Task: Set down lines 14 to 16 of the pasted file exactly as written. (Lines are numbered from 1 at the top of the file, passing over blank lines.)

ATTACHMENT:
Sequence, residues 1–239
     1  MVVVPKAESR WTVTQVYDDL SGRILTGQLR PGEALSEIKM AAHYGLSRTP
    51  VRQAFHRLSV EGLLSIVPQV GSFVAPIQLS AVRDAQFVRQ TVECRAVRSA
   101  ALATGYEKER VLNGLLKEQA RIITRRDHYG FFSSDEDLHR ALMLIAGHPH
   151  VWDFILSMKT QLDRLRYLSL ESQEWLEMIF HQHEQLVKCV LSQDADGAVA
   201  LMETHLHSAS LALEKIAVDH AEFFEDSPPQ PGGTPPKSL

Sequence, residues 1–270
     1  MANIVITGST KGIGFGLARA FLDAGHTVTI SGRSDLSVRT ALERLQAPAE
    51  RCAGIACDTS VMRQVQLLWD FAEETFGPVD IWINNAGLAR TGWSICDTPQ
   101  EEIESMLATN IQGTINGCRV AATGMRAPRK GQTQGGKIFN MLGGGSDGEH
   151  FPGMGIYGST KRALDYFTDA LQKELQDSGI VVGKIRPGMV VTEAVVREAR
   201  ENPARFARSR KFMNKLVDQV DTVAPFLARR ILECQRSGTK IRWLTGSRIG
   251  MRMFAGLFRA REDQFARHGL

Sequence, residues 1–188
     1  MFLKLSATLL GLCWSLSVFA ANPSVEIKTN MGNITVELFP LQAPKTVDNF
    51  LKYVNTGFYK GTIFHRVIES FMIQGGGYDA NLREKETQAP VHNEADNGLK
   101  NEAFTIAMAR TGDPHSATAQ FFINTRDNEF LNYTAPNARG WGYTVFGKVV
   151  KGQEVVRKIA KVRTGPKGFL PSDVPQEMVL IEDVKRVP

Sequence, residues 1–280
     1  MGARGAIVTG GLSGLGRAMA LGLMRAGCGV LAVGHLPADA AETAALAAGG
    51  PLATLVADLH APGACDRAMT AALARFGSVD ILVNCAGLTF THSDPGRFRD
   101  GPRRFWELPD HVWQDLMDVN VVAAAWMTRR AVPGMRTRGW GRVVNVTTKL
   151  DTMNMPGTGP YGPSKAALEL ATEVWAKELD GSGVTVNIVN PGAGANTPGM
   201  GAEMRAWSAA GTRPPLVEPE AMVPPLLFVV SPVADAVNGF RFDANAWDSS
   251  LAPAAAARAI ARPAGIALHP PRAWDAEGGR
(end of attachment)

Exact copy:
Sequence, residues 1–188
     1  MFLKLSATLL GLCWSLSVFA ANPSVEIKTN MGNITVELFP LQAPKTVDNF
    51  LKYVNTGFYK GTIFHRVIES FMIQGGGYDA NLREKETQAP VHNEADNGLK